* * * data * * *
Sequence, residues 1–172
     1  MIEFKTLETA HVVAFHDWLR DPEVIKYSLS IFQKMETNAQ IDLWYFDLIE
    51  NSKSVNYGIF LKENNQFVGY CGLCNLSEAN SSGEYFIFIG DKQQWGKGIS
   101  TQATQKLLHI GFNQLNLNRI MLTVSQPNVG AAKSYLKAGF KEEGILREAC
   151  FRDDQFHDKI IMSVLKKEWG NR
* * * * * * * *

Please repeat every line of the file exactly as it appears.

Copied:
Sequence, residues 1–172
     1  MIEFKTLETA HVVAFHDWLR DPEVIKYSLS IFQKMETNAQ IDLWYFDLIE
    51  NSKSVNYGIF LKENNQFVGY CGLCNLSEAN SSGEYFIFIG DKQQWGKGIS
   101  TQATQKLLHI GFNQLNLNRI MLTVSQPNVG AAKSYLKAGF KEEGILREAC
   151  FRDDQFHDKI IMSVLKKEWG NR